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As I See It

Show me state shows how to keep peace in juvenile prisons



The problems at Wisconsin’s juvenile prison have been well documented. And they are not getting better. The FBI continues to investigate allegations of assault of inmates by prison staff. Lawsuits have been filed on behalf of those inmates. There have been attacks on guards by inmates, while staff rely on shackles and solitary confinement to deal with unruly. Not a pretty picture as we seek to reform our most troubled youth. But perhaps Wisconsin is going about it the wrong way. Perhaps we should look to the state of Missouri as a model for how to better confine and rehabilitate our most serious juvenile offenders. There, young inmates are not sent to some huge, far away lockup. They are kept in one of a series of smaller facilities scattered throughout the state to keep the teens closer to their families. Prisoners wear street clothes, not jail uniforms. The teens get educational opportunities and group projects. They don’t rely on shackles and solitary confinement, and haven’t needed to. There have been far fewer attacks on guards on Missouri compared to Wisconsin’s juvenile lockup. And there have been fewer suicide attempts in the Missouri model. The bottom line is what is happening in Wisconsin isn’t working. Guards are under attack, and prisoners claim they are being abused. There is a better way, and Missouri is showing us just how that can be done.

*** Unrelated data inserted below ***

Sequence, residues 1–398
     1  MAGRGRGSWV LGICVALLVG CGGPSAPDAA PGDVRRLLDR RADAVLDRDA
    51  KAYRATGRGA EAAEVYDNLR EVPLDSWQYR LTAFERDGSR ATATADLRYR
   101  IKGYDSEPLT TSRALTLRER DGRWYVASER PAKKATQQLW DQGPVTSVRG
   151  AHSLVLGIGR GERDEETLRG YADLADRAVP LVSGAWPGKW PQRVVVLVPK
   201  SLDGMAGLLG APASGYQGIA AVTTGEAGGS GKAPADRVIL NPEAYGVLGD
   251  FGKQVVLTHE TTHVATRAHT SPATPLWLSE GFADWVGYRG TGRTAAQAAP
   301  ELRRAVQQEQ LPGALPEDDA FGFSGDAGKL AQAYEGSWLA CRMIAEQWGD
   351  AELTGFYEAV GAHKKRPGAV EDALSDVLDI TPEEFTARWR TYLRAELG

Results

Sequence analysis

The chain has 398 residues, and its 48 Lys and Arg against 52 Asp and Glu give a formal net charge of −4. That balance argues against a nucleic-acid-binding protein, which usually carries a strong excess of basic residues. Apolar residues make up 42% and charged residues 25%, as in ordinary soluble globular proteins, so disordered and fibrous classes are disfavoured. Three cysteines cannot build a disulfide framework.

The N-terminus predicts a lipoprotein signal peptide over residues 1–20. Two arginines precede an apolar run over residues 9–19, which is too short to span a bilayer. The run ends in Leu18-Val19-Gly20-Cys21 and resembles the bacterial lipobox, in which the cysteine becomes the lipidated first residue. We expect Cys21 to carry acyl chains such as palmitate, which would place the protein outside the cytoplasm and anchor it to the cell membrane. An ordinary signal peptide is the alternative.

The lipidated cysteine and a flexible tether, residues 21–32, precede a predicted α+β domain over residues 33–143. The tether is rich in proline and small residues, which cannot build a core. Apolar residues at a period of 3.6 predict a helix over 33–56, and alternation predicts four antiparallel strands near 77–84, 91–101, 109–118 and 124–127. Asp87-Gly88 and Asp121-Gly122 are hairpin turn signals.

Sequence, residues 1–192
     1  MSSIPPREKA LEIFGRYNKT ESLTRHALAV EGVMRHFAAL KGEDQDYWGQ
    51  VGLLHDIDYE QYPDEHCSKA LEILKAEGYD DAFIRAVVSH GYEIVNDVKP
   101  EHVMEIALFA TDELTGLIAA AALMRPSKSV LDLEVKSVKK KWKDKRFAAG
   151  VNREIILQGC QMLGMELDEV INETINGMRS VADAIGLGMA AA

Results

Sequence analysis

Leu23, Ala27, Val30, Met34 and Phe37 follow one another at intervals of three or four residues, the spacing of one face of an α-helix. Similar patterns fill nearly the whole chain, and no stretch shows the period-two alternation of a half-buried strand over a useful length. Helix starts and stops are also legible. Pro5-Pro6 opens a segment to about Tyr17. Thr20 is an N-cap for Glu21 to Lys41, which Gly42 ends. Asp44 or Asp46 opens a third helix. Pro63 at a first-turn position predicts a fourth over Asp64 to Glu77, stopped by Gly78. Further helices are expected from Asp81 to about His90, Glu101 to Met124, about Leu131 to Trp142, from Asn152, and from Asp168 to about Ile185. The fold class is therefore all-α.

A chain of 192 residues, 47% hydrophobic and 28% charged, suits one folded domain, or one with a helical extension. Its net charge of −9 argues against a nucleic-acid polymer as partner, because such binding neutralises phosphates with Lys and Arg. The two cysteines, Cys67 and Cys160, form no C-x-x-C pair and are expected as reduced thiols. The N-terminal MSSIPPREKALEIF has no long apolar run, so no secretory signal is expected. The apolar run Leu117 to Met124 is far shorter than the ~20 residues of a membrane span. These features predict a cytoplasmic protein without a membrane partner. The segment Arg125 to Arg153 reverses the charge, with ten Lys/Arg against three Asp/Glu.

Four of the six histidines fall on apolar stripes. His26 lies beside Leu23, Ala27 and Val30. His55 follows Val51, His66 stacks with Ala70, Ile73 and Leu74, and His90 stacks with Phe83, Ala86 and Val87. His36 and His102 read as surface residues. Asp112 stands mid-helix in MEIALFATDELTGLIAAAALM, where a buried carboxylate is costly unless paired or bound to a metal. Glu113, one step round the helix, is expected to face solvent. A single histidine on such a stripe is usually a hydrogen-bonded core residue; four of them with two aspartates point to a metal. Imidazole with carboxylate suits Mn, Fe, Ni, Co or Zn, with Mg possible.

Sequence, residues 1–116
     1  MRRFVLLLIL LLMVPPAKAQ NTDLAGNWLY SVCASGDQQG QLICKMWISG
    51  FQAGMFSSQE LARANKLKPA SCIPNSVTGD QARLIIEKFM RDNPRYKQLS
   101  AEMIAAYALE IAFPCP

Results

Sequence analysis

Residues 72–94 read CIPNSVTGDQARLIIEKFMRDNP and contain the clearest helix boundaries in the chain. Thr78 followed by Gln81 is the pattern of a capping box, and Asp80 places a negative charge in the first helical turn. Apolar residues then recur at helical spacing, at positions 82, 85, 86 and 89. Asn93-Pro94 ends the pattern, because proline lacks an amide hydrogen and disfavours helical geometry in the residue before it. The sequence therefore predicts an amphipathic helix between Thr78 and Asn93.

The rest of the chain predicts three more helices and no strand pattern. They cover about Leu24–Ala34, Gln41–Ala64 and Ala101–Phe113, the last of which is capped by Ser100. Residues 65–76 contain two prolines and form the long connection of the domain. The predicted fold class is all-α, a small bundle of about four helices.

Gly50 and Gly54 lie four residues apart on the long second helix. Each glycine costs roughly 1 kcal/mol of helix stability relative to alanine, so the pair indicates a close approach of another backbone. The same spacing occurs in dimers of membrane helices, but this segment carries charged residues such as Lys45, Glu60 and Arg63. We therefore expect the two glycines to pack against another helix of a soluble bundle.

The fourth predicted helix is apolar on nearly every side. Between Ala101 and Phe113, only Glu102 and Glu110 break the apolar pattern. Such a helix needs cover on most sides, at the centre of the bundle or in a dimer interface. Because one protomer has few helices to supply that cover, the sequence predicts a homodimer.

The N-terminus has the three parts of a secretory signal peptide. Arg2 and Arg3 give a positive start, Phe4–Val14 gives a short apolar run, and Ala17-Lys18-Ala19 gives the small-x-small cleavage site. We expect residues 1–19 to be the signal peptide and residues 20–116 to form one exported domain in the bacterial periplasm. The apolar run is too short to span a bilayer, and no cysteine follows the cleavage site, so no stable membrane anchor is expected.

Scott Robert Shaw serves as WIZM Program Director and News Director, and delivers the morning news on WKTY, Z-93 and 95.7 The Rock. Scott has been at Mid-West Family La Crosse since 1989, and authors Wisconsin's only daily radio editorial, "As I See It" heard on WIZM each weekday morning and afternoon.

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